Tropical Nature News

06 May 2013

Bat Falcon (Falco rufigularis)

Creature Feature, News of Asa Wright, Tropical Nature News
Photo by Clive Bowley

Photo by Clive Bowley

 

The Bat Falcon, a resident breeder in Trinidad, inhabits the forest and surrounding areas of the Asa Wright Nature Centre. Last year it could frequently be seen perched atop an Immortelle branch where it surveyed the territory for its meals. That branch, conveniently positioned to the eastern side of the verandah allowed, once or twice, fortunate guests and guides to witness feeding time at the perch. The food of choice for this species is, of course, bats. However, the Bat Falcon will also feed on small birds, mammals and insects.
Bat Falcons are small raptors (27 cm in length) belonging to the family Falconidae, which consists of Falcons and Caracaras. Representatives of the latter group can also be seen in Trinidad. This raptor’s range extends from southern Mexico to northern Argentina.
The Bat Falcon makes high-pitched call of ‘kiu,kiu,kiu.’ It is a rather charming raptor with an outstanding black and white striped upper breast and cinnamon lower breast. It has a black head and grey throat but yellow eye-rings and feet. In Trinidad, breeding has been recorded in February. A clutch of two eggs is normally laid in a nest that is built high off the ground.
The Bat Falcon is found in pairs and appears to be territorial. Take a walk at dawn or dusk to catch a glimpse of this falcon–as these are the times when it is most active–in direct, quick flight or soaring in circles.

Johanne L. Ryan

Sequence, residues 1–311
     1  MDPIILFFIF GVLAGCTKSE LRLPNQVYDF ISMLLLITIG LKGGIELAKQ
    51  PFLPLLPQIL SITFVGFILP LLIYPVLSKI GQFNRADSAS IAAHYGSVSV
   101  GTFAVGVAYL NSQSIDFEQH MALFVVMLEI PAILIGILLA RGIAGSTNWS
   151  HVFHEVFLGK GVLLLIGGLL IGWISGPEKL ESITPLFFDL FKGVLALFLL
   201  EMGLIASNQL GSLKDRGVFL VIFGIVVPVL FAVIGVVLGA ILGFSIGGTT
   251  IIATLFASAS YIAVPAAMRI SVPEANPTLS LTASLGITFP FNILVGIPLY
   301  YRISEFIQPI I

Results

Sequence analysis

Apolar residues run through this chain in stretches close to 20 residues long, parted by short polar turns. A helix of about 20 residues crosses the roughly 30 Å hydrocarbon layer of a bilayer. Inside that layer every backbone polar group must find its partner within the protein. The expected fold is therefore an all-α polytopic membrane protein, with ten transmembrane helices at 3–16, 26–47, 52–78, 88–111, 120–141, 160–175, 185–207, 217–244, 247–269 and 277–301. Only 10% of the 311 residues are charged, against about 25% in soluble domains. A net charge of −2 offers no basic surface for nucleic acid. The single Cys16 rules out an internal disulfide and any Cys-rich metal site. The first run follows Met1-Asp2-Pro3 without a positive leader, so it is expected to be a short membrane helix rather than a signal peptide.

References

  • ffrench, Richard. A Guide to the Birds of Trinidad and Tobago. Cornell University Press. 2012.
29 Apr 2013

Bird Banding Project Launched at Asa Wright

Creature Feature, News of Asa Wright, Tropical Nature News
Green Kingfisher ready for banding.

Green Kingfisher ready for banding.

 

Asa Wright Nature Centre successfully initiated its first Bird Banding project just two weeks ago. It was spearheaded by certified Bird Bander and Trainer, Caleb Walker, in conjunction with certified Bird Bander and Klamath Bird Observatory representative for Trinidad, Carl Fitzjames. Both Caleb and Carl were trained at the Klamath Bird Observatory in Oregon, U.S.A. This project arose out of the need to build a database of the birds in Trinidad and Tobago. By building this database, people can gain more information on breeding, molting times and feeding habits of birds. One can also learn about the lengths of time different species take to develop from juveniles to adults. The project will take place at two ends of the Arima Valley: the William Beebe Tropical Research Station and Brasso Seco. The first session took place in the verdant forest of Brasso Seco. As the mist rose above the mountains, Carl, Caleb and more of Asa Wright’s staff Kimberly and Johanne began their early-morning bird monitoring exercise. Birds such as the Green Kingfisher, White-lined Tanager, Violaceous Euphonia and Golden-headed Manakin were caught and examined. Carl and Caleb used the utmost care when handling the birds, as all certified banders are trained to do. We at Asa Wright earnestly support this initiative and eagerly await future banding sessions.